Tuesday, October 9, 2012

Mungo National Park

Looking across the baked, crusty earth that gives way to lumpish formations sculpted by wind and water and further on hill-sized dunes of pure white sand. The sun beats down from a sky so blue and so wide the occasional bird of prey scanning below for lunch stands out like a beacon.

The landscape is other-worldly, almost what you'd expect the rover Curiosity currently charting the surface of Mars to see.

This is Outback Australia, no doubt about it, but the interesting thing is that Mungo National Park in south-western New South Wales is one of the more accessible parts of the Outback to major population centres, and certainly one of the more fascinating.

Being just over 100km from Mildura in north-western Victoria and about 1000km due west of Sydney, Mungo is far easier to get to by car than (say) Ayers Rock or Coober Pedy yet arguably gives sightseers just as much bang for their visual buck.

Anyone thinking of visiting would do well to take the extra time and explore the area. A loop of a few hundred kilometres takes you to Broken Hill with its beautiful old buildings, art galleries and restaurants, then on to Menindie and its vast lakes, and Mildura with its burgeoning foodie scene.

The World Heritage listed National Park is based around Lake Mungo, the lake has not seen water in 18,000 years. Instead, its 200 square kilometers is a flat expanse of salt bush stretching from horizon to horizon. The tallest things out there are the small groups of emus plucking red berries from the blue bush.


But don't think for a moment that Mungo is a barren, empty wilderness. The major draw-card is on the eastern side of the lake where over millennium prevailing westerly winds have built up a 30km crescent-shaped arc of clay and sand called a lunette that has in turn been eroded into fantastic buttresses and gullies, colored white, red and yellow depending on the age of the sediment.

The area is known as the Great Walls of China and as well as being a spectacular place to explore and photograph, it is also of great cultural significance.

This was once the shore of the lake, a place where the local Aboriginal people fished, hunted, camped, cooked and dream of the land's beginnings. It is the place where the skeletal remains of Australia's oldest human inhabitant have been found, appropriately named Mungo Man, who was buried around 42,000 years ago. For modern day explorers the clues still remain of these early inhabitants.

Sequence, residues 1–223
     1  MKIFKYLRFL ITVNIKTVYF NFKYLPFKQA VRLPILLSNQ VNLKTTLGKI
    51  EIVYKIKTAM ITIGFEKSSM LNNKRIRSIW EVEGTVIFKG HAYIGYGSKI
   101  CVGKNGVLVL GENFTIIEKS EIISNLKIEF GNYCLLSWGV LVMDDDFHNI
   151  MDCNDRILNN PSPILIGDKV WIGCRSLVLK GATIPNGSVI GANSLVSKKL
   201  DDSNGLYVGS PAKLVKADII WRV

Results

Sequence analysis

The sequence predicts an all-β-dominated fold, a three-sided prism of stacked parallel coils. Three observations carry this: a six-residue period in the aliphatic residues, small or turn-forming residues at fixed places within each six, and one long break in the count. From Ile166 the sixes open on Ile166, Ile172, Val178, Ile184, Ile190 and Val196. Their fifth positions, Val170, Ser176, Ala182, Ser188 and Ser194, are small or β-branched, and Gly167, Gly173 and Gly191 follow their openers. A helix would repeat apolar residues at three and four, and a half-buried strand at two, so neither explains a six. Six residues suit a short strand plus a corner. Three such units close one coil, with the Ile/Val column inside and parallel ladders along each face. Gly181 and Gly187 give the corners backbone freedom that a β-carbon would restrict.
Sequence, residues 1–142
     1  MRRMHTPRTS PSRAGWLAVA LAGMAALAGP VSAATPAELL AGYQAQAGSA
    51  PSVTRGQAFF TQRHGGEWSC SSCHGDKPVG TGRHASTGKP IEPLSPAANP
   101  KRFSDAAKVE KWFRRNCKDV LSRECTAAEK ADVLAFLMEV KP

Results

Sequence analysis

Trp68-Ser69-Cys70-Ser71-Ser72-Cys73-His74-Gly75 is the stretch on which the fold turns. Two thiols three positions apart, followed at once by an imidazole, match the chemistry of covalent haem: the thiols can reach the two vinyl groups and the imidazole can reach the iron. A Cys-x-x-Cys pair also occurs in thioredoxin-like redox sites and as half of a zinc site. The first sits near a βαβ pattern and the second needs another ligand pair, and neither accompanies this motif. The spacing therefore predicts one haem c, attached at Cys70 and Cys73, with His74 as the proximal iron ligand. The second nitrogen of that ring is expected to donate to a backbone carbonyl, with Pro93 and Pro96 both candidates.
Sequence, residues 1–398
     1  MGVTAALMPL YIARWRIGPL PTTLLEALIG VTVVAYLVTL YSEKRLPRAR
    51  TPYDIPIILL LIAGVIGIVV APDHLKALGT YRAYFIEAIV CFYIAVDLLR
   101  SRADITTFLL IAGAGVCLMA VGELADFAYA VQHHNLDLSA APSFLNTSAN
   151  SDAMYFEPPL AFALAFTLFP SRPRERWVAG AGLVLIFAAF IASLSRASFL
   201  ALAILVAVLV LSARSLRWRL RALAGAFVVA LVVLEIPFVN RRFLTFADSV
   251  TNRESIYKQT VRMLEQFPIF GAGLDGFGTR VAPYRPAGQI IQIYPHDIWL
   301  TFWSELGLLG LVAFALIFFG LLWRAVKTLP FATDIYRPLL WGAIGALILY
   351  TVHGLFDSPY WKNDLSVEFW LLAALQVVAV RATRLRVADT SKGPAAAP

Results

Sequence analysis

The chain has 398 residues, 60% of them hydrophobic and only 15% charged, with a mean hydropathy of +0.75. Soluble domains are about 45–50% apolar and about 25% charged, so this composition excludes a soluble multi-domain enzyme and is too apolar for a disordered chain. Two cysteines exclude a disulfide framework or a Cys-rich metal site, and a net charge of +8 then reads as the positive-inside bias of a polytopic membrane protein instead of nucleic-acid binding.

Strong winds the previous week had shifted sand to reveal a pair of small white objects poking out of the hard-packed surface. They were the teeth of an extinct (in this region) hairy-nosed wombat, the little brother of much larger fauna such as the rhinoceros-sized Zygomaturus that lived in the area up until 45,000 years ago and was possibly hunted to extinction.

You can learn all about the history, geology and ecology of Mungo at the excellent visitor's centre built next to the shearing shed and homestead of what, up until the 1970s, was a sheep station.

There's also a self-guided drive around the park of about 70km that introduces a diverse variety of landscapes including the vast expanses of ancient lake bed (home to kangaroos, emus and echidnas), rolling sand dunes and the bird-filled stands of mallee woodland. At every turn, visitors are encouraged to park their car and walk through the various habitats - except for the Great Walls of China with its delicate, easily eroded surface which requires a guided walk to ensure its preservation.

It takes a good couple of days to properly explore the Park and accommodation is available at the comfortable and spacious Mungo Lodge, the more basic Shearers' Quarters near the old homestead, or various camping grounds inside and outside the Park.

The Park is closed at times due to poor weather or extreme fire danger. For up to date reports, always check with the park office on 03 5021 8900.
Access to the park costs $7 per car per day.
Well worth a Visit..


Friday, October 5, 2012

Dangers and safety - Water Skiing

Though swimming is not strictly a necessity to learn or start water skiing, it is always advisable to have learned the art of staying afloat on the water. One can always wear lifejackets to stay afloat in case of losing balance.

However, there are other dangers also. Skiing on shark-infested waters is always dangerous. When the activity is performed in rivers and lakes, the danger or attack from marine creatures is limited. But the same is not the case when skiing on the seas.

This peril was caught on camera in one of the Jaws series. The movie has kept a generation of people away from waters, and quite possibly from the sport of water skiing. 

Another danger is hidden or submerged rocks. These could ambush skiers and throw them of balance. However, this danger is minimal as most skiing is done over waters that has been tested and is familiar for the skiers. But when skiing over waters that is not familiar to the skier, or is not chartered, then the danger from rocks is real.

The skier always faces the danger of losing balance and crashing in the water. This could affect even experienced skiers. While skiing at high speeds, the skier could lose balance and fall. The impact of the human body on water while at high speeds can be  fatal for the skier.

The best way to avoid such problems is to ski with experts or in groups, so that there are other people to come to your rescue when something untoward happens. It is imperative that skiers always take safety measures before embarking on the activity.

Clickbank Products